Story by: Norton Children’s on October 1, 2021
Sometimes known as a “PKU test,” a genetic screening for newborns actually checks for a wide range of genetic disorders.
PKU, an abbreviation for phenylketonuria, is a rare inherited disorder that causes the phenylalanine amino acid to build up in the body and can lead to brain damage. It’s caused by a genetic defect that leads to a shortage of the enzyme that normally breaks down the amino acid.
As with many genetic disorders, a baby with PKU can avoid long-term health implications if the condition is addressed before symptoms develop. In the case of PKU, a special diet can start right away to prevent long-term issues.
Newborn metabolic screening tests and results typically are completed by about 7 days of age in Kentucky. In Kentucky and many other states, newborn screenings look for PKU and more than 50 other conditions, including congenital hypothyroidism, galactosemia and other inborn errors of metabolism, sickle cell disease, hearing loss, congenital heart anomalies, immunological disorders and neuromuscular disorders.
“Newborn screenings often allow children to get a jump-start on treatment that can slow the condition’s progress or allow for potentially lifesaving interventions shortly after birth,” said Kelly Jackson, M.S., CGC, a genetic counselor and manager of genetic services at Norton Children’s Genetics Center, affiliated with the UofL School of Medicine and an assistant professor of pediatrics at the UofL School of Medicine.
A multidisciplinary team of medical geneticists, nurse practitioners, genetic counselors and metabolic nutritionists offering a full range of services for diagnosing, counseling and clinically managing children with genetic and congenital disorders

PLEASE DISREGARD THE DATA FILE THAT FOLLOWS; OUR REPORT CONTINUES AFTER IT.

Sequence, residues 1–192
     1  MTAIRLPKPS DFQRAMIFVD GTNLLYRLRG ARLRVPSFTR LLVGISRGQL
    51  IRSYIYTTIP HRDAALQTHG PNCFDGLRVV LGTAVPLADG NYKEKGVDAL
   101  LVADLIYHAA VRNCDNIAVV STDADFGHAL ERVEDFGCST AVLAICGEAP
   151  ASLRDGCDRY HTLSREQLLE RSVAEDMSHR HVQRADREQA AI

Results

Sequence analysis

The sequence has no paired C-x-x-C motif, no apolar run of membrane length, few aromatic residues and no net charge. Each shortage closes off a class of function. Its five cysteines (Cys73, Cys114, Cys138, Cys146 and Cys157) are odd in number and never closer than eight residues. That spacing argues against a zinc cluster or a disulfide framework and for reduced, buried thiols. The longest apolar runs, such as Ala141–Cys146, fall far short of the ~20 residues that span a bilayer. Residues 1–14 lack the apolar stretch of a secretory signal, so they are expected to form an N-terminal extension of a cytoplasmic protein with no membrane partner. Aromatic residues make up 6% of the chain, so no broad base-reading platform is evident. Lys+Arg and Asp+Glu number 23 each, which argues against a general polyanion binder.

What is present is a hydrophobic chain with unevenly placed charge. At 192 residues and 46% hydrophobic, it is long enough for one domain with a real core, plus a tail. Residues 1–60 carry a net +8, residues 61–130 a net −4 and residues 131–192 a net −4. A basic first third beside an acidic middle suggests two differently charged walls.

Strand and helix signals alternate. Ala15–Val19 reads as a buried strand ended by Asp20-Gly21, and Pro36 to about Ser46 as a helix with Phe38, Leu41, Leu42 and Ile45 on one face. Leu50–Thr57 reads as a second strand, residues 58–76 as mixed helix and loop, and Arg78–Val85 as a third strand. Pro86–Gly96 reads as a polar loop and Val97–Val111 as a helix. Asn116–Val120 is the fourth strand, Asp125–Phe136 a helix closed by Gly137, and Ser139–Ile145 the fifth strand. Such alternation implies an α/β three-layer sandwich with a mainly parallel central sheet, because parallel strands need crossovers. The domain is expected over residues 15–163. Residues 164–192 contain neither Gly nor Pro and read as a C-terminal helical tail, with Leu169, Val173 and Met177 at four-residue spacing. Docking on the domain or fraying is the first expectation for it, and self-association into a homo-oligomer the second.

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Spinal muscular atrophy is an example of a progressive disease that can be stopped with a new gene therapy following an early diagnosis before symptoms start. SMA affects the part of the nervous system responsible for carrying signals from the spinal cord to muscles.
Blood samples — usually from a small prick in the child’s heel — are taken shortly after birth. The sample is tested by the state lab, and if a child from the western half of the Kentucky is identified with a genetic abnormality, Norton Children’s Genetics Center is notified. The Norton Children’s Genetics Center has seven locations across the region.
Genetics counselors and other providers at the Norton Children’s Genetics Center will contact the family’s primary care physician and notify appropriate subspecialist physicians. Since a screening is not a diagnosis, additional testing will be conducted.
Some disorders can be so dangerous that treatment could begin even before the diagnostic confirmation. Other conditions begin treatment after a diagnosis is confirmed.